This treatise is dedicated to Professor Bernard Nsokika Fonlon, M.A., Ph.D., (Nui) Dip. Ed. (Oxon), who was born 96 years ago, on 19 November 1924 in Nso, North West Region of Cameroon, died 26 August 1986. He was a government minister and leading intellectual of Cameroon. A man of diverse abilities, Fonlon was characterized as the Cameroonian Socrates. He was a major promoter of bilingualism, as reflected in the Journal Abbia: Cameroon Cultural Review that he founded in the early 1960s.
Dr. Prof. Bernard Nsokika Fonlon is the first English speaking Cameroonian to earn a Doctorate Degree in 1961 at the University of Ireland. The first French Cameroonian to earn a Doctorate Degree was Reverend Father Jean Zoa in 1953 in Biblical Studies at the Pontificia Universitas Urbaniana, in Rome, Italy. Prof. Dr. Fonlon did his secondary school education at Christ the King College, Onitsha Nigeria from 1942 to 1945. Later, he studied in Bigard Memorial Senior Seminary, Enugu, Nigeria from 1948 to 1953. He was among the pioneer seminarians at Bigard Memorial Senior Seminary in 1948, together with Monsignor Alphonsus Aghaizu, who happens to be the oldest living Monsignors in South-East Nigeria. He is presently 95 years old and is retired at St. Paul’s parish, Owerri. Fonlon’s one and only desire was to become a Catholic priest. Just before the sub-diaconate, Bernard experienced the greatest crisis of his life. He was informed that he would not be admitted to Major Orders, and that there was no likehood of that decision being changed in the future. This happened in November 1953 at Enugu, in Nigeria. In the midst of the darkness of that crisis, with his hopes for ordination completely shattered. Msgr. Aghaizu describes the scene on August 20, 2020 in his humble contribution to the cause for the beatification of his close friend Dr. Fonlon:“I was due for sub-diaconate ordination with Fonlon 1953 but he was dropped the morning of the ordination, but he maintained his cool, and went with me as previously arranged for a month’s holiday to Msgr. P. Meze’s parish at Maku. The authorities arranged for him to teach at C.K.C his alma mater (1942 to 1945). At my ordination at Uli 1954, Fonlon and three of his friends came from C.K.C to Uli despite the fact that there was ordination same day at Onitsha….After my month’s tour of the stations at Uli Parish, I was due to return to Bigard to obtain my faculties; and I decided to touch C.K.C enroute. I did not go to the Fathers House upstairs but to the teacher’s quarters to stay with Fonlon. Next morning, he followed me to the fathers Chapel and served my mass! The authorities were so impressed at this gesture that they gave him scholarship to study in Cork, Ireland”.
Thus, thanks to his exceptional gesture, between 1954-1961, Fonlon got a Scholarship [from a disappointment to a blessing], and studied at the National University of Ireland, Cork: studied under Professor E. Byrne Costigan, Prof. Drs O’Flaherty, Prof. Servais, Prof. Forgatton at Sorbonne, Paris; Fonlon also studied under Professor Georges Balandier Oxford University and under professor Halls. Had he become a priest, he would not have had the opportunity to serve his country as a Christian and intellectual in politicians as he did for Cameroon. God had other plans for him.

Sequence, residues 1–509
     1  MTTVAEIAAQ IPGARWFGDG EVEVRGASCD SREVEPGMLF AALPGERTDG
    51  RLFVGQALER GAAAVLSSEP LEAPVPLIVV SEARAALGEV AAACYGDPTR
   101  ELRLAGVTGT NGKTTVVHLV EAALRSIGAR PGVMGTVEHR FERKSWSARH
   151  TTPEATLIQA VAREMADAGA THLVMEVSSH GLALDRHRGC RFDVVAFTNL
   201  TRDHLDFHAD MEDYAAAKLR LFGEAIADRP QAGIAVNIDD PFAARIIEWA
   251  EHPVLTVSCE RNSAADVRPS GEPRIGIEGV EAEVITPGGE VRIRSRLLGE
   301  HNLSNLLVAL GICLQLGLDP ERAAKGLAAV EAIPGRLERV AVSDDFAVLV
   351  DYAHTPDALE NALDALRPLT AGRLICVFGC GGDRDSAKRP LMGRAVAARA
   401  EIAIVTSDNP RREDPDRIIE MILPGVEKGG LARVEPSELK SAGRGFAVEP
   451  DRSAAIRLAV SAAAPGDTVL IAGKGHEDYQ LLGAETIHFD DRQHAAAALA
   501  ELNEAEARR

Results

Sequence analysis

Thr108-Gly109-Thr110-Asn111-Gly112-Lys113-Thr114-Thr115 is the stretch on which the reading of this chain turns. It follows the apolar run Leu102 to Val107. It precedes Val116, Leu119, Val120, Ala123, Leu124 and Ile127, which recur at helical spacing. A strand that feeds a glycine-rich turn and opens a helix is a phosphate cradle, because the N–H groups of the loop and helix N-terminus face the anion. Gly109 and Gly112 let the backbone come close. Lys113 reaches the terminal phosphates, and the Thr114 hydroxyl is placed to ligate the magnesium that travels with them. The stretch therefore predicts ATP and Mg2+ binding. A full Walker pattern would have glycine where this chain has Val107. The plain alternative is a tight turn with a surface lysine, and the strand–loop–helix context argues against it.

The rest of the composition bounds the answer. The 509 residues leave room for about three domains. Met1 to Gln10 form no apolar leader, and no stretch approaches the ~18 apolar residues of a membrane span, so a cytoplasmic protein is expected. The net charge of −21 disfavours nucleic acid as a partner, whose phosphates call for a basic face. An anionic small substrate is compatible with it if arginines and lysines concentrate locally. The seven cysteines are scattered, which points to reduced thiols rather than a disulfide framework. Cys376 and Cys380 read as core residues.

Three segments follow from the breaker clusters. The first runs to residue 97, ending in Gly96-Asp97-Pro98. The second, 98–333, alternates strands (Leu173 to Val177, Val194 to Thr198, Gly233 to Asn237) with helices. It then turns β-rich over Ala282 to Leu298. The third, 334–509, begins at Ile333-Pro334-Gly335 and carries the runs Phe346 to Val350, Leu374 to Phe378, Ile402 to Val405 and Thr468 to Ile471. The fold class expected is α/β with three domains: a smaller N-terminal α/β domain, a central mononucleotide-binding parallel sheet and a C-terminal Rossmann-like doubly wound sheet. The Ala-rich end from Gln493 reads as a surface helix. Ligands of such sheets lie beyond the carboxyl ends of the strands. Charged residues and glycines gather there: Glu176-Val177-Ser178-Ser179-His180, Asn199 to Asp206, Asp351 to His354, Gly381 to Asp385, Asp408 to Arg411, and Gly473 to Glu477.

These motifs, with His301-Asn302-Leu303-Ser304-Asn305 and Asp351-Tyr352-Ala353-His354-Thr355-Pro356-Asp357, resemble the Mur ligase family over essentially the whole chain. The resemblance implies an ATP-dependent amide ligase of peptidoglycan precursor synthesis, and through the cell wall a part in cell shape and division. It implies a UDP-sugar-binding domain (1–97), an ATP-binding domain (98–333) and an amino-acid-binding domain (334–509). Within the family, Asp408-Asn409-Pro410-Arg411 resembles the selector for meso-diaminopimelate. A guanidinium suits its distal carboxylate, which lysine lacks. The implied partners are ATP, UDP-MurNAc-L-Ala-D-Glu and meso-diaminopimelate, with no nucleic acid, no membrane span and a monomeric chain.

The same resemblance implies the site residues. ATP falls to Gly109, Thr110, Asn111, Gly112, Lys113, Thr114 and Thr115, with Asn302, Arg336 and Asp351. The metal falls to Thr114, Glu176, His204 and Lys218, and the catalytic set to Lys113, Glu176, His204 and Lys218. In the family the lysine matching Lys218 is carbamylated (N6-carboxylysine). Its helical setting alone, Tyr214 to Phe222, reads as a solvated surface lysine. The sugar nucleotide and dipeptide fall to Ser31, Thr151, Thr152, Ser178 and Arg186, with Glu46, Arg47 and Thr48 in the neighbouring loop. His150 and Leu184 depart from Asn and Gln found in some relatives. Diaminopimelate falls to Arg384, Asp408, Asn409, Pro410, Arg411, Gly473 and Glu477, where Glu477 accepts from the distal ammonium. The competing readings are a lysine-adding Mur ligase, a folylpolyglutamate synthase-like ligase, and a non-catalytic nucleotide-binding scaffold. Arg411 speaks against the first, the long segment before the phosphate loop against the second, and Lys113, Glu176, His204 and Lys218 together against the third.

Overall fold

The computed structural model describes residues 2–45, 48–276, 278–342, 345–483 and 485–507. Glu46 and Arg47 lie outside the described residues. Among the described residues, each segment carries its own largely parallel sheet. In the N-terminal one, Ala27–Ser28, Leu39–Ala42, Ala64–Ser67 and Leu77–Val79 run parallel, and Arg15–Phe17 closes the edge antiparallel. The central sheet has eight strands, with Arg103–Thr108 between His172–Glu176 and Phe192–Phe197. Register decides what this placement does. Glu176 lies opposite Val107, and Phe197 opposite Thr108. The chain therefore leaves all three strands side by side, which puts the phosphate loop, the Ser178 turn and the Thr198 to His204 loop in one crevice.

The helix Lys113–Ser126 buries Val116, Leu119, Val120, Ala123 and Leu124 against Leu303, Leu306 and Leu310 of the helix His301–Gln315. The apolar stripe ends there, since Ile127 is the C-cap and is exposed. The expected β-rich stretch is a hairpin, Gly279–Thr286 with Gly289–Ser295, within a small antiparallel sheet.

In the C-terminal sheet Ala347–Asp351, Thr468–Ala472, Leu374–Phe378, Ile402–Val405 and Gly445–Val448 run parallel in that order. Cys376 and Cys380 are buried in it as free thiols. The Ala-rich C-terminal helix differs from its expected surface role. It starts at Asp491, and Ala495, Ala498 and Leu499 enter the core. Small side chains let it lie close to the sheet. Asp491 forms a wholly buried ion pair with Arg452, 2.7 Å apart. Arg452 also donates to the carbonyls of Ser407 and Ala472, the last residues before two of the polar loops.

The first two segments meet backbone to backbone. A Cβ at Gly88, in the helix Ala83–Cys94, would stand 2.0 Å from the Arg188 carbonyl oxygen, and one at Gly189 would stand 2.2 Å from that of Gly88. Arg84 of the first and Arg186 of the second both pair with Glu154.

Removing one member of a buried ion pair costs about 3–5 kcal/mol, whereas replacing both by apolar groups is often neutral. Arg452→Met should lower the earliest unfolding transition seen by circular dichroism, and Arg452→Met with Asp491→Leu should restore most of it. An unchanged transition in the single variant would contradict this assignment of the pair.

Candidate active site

Academic Qualifications of Fonlon
Fonlon earned the following Academic Qualifications: 1939: Primary School leaving Certificate; 1945: Senior Cambridge Grade One; 1946: The Nigerian Teacher’s Higher Elementary Certificate; 1957: B.A. Honurs, NUI Cork (2.1, Latin and French); 1958: M.A., NUI Cork (First, Thesis: Flaubert Ecrivain, a study of Flaubert’s style, written in French); 1960: Diploma in Education, Oxford University; Ph.D., NUI Cork (Thesis: Bernard Nsokika. La poesie et le reveil de l’homme noir / par Bernard Fonlon, published by Presses Universitaires du Zaire), an investigation into Negro African protest literature in English and in French (inclusing North America, the Caribbean, Africa and Madagascar. This was the the first Ph. D thesis in this field and was written in French under the auspices of professor W. McCausland Stewart (Bristol), Dr. Green (Oxford) and Professor E. Byrne Costigan (NUI Cork). This Ph. D was the first doctorate awarded to a Cameroonian in Ireland; 1986: D. Litt. (Honoris Causa), University of Guelph, Canada. With this extensive study, Fonlon earned three Academic Honours: 1). Nigeria – Patron of the Philosophical Fraternity of the University of Nigeria; 2). USA: Member of the National Geographic Society; 3). USSR: Awarded the Pushkin Medal in Moscow on the 170th anniversary of the birth of the celebrated Russo-African Writer.
A Genuine and True Christian cum Intellectual in Politics
As far as his political life is concerned, Fonlon served as an interpreter to Amadou Ahidjo, the first Cameroonian President, and later was a Minister, in which he distinguished himself in politics with his moral, spiritual and intellectual life on returning to Cameroon. He held the following post in the Cameroon government: In 1961, he was assistant Secretary to the Prime Minister of the Southern Cameroons; 1961-1964: Charge de Mission (Presidential Aide) at the Presidency, Yaounde, Cameroon; 1964-1968: Deputy Minister of Foreign Affairs; 1968-1970. Minister of Transport, Posts and Telecommunications; 1970-1971: Minister of Public Health and Social Welfare; 1962-: Founder and Director of Abbia, the bilingual Cameroon Cultural Review; 1971: Associate Professor in the University of Yaounde.
Prof. Daniel Noni Lantum, “the right hand man” of Fonlon, who is said to have known Fonlon more than anybody else in Cameroon observes in his book titled: “Dr. Bernard Nsokika Fonlon: An Intellectual in Politics” that Fonlon was an indefatigable, relentless father of Cameroon Bilingualism at work, that Africanist intellectual and learned philosopher of the Presence Africaine up-bringing, that tireless professor of Negro-African Literature of the University of Yaounde from 1978 to 1984, that revolutionary Cameroonian Educationist of the 1960s, that inspiring and unquenching source of Liberty and Democracy even in the Ahidjo Regime (1958 – 1982), that Christian intellectual and politician who was physically present but spiritually absent from the materialism of the political environment of his time.